• Amanda Ashley

5 Tips for Being a Creative With a Day Job


I've been working a day job for nearly two years. In the early days the day job presented some great novelties...I was learning new things, meeting new people and not confined to solitary tapping away on my laptop at the kitchen table. While the structure and the routine of being in the office was familiar, as I'd always adhered to a writing schedule; I began to miss writing, even though I really enjoyed the new work I was doing. There was never any question of going back to freelancing: the day job provided amazing opportunities, great people to work with, a ton of benefits and a regular and consistent paycheck; and you know if you've read my thoughts on freelancing before that freelancing, while the love of my life, was a feast or famine roller coaster. I try to make a point of this reality of freelancing and gig work as more often than not I think it's overlooked, especially when you are starting out. I've also seen lots of click bait on how to break free from the feast or famine cycle of freelancing, with promises of untold riches and financial security if you buy the 'how to' book or take the course...but I digress.

Practically overnight - I'd gone from writing full-time, to not writing at all and my creative self was not going to stand for it. I still had stories to tell and I wanted to write, but between the full-time hours, responsibilities of being parent and keeping up with a home I wasn't initially sure how I was actually going to be able to physically find the time or even generate the mental and creative energy needed.

Then I got the email. The email, accepting one of the dozens of article pitches I'd mercilessly sent to the Editor of Climbing Magazine. Funny how a byline in a popular well known national magazine can help you re-prioritize your responsibilities. It's typically the way it works...you accept fate and move off into a new direction only to be lured back by a tempting offer. Short story - short; I started work on researching the article. But set against the backdrop of a day job and the death of my Father, it had its moment; I stumbled, bumbled and missed deadlines,it wasn't pretty. But I didn't give up and thanks to loads of good support and a kick-ass editor eventually I soared and this piece on Kris Hampton was published in Climbing Magazine in May of 2017. After I finally met the final deadline for submission, I was happy to take a few weeks off. Before I committed to another piece I sat down and figured out what it was gonna take for me to balance being a creative with a day job, a life and all the responsibilities that come with it. Here's what I came up with.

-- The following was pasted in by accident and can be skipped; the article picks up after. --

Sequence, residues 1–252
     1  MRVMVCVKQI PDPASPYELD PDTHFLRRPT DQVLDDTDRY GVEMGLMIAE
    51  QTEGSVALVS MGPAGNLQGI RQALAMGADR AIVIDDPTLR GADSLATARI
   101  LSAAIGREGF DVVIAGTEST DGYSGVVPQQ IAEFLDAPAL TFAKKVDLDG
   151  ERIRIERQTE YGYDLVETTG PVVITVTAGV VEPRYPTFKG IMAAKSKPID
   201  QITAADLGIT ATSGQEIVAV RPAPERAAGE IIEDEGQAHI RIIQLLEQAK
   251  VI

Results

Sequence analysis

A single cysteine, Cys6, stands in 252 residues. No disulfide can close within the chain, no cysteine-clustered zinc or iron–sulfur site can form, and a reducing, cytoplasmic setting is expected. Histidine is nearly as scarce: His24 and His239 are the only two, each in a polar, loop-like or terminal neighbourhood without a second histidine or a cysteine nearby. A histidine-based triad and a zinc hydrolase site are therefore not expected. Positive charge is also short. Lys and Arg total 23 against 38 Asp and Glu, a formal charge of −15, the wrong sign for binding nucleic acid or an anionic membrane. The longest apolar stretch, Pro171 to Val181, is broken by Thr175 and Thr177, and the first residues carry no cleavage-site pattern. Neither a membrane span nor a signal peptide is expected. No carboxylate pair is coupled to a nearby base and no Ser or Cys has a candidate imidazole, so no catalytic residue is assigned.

Don't Over-Commit

This one was hard for me. During my freelancing days I never said no, ever. Not even to clients who were hard to work for, or for projects that I didn't like or thought were boring. I steeled my resolve and simply committed to the projects that I need to take on. But now I didn't need to do that, now I could pick and chose what projects I wanted to work on. It was hard saying no, at least for a few weeks as clients who were hopeful that I was available blew up my inbox. I outlined some criteria that would lead me to accept work; interesting projects that would help develop my writing skills. Might seem vague - but it instantly eliminated ad copy, product descriptions, simplistic how-to's, and the bulk of the 6th to 8th grade reading level content I'd been producing for years. Instead I chose pieces where I'd work with an editor and that were in line with my #writelocal campaign.

Be Realistic About Deadlines